PBS Goes to Middle School: Building Capacity of Peer Buddies to Implement a PBS Intervention with Fidelity
During adolescence, peer behavior is a strong stimulus that influences how students initiate and respond to their physical and social environment. Yet, the majority of school-based behavioral studies (Dunlap, Clarke, & Steiner, 1999) do not include peers as intervention agents. This study demonstrated how to include peers as contributing members of a Positive Behavior Support (PBS) team. Findings indicated that peers were able to implement a behavior support plan with fidelity, resulting in decreased challenging behavior and increased activity engagement in a middle school peer with Autism Spectrum Disorder (ASD).
KeywordsPositive Behavior Support Peer-Mediated Interventions Behavioral Skills Training Middle School ASD Fidelity
Compliance with Ethical Standards
Conflict of Interest
The authors declare that they have no conflict of interest.
All procedures performed in the case study with human participants described in submitted manuscript were conducted in accordance with the ethical standards and approval from an accredited University Institutional Review Board. In addition, all procedures were conducted in accordance with the 1964 Helsinki declaration and its later amendments or comparable ethical standards.
Informed consent was obtained from all individual participants included in the study described in submitted manuscript. For human participants under the age of 18, informed consent was obtained from each child’s parents.
- Albin, R. W., Lucyshyn, J. M., Horner, R. H., & Flannery, K. B. (1996). Contextual fit for behavioral support plans. In L. K. Koegel, R. L. Koegel, & G. Dunlap (Eds.), Positive Behavioral Support: Including people with difficult behavior in the community (pp. 81–98). Baltimore: Paul H. Brookes Publishing Co.Google Scholar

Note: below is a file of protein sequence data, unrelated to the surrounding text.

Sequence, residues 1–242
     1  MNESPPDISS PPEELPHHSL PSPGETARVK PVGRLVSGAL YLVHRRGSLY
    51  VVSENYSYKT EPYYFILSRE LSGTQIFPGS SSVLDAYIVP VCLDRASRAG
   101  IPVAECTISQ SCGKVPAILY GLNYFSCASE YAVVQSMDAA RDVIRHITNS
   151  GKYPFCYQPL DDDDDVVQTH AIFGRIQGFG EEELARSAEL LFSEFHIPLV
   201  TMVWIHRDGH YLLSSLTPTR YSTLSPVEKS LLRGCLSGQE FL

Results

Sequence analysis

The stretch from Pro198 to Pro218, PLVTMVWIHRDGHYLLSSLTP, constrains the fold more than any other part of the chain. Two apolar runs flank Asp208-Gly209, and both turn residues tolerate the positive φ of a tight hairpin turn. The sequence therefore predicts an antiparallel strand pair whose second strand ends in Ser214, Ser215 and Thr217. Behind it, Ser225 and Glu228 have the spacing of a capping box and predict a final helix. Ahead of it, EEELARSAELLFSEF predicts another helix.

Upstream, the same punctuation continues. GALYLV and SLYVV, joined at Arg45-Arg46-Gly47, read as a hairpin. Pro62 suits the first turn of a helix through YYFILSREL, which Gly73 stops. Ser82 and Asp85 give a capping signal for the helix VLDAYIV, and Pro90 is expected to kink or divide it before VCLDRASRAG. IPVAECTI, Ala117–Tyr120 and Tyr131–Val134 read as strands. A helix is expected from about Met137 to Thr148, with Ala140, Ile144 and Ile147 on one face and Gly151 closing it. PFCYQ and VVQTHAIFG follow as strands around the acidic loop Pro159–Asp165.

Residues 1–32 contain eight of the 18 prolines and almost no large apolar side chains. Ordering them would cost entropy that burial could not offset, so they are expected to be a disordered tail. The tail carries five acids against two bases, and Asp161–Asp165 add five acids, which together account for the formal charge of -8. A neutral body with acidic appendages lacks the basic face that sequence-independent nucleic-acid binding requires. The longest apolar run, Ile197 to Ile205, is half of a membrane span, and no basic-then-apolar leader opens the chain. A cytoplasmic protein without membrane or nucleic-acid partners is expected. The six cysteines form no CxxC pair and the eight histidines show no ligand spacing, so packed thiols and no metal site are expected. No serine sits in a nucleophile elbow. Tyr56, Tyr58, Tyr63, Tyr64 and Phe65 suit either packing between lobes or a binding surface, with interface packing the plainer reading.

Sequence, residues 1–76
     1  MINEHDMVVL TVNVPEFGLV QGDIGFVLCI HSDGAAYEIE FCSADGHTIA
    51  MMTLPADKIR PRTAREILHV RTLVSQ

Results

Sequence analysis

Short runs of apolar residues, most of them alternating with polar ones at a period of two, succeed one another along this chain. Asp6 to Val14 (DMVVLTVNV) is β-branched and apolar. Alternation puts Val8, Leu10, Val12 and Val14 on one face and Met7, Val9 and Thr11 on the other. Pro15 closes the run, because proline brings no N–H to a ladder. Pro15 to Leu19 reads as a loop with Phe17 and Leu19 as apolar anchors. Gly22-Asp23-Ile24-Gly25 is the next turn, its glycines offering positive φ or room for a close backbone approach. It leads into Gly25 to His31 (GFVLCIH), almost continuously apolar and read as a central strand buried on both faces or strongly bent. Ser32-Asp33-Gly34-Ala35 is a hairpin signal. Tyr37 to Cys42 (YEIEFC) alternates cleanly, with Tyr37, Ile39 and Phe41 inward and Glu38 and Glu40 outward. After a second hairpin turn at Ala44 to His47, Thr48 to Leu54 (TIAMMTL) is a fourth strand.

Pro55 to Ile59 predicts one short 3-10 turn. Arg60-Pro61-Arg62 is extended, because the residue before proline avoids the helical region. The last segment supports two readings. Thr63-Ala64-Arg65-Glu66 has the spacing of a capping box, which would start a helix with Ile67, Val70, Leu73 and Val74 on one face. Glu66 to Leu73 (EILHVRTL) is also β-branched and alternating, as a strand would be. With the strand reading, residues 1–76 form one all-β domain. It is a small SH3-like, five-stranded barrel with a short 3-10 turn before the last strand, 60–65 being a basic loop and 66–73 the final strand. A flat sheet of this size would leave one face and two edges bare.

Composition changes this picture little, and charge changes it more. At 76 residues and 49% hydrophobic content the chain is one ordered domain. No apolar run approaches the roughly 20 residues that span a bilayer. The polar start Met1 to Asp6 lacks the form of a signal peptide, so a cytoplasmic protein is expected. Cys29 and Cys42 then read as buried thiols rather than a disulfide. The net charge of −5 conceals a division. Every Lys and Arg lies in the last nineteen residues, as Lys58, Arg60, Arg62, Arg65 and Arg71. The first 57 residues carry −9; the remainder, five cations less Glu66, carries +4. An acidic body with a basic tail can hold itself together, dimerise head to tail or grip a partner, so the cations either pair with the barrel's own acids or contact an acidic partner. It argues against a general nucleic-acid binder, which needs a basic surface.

- Carr, E. G., Dunlap, G., Horner, R. H., Koegel, R. L., Turnbull, A. P., Sailor, W., Anderson, J., Albin, R. W., Koegel, L. K., & Fox, L. (2002). Positive behavior support: Evolution of an applied science. Journal of Positive Behavior Interventions, 4(1), 4–16. https://doi.org/10.1177/109830070200400102.CrossRefGoogle Scholar
- O’Neill, R. E., Horner, R. H., Albin, R. W., Sprague, J. R., Storey, K., & Newton, J. S. (1997). Functional assessment and program development for problem behavior. Pacific Grove: Brooks/Cole Publishing Co..Google Scholar
- Sam, A., & AFIRM Team. (2015). Peer-mediated instruction and intervention. Chapel Hill, NC: National Professional Development Center on Autism Spectrum Disorder, FPG Child Development Center, University of North Carolina. Retrieved from http://afirm.fpg.unc.edu/peer-mediated-instruction-and-intervention.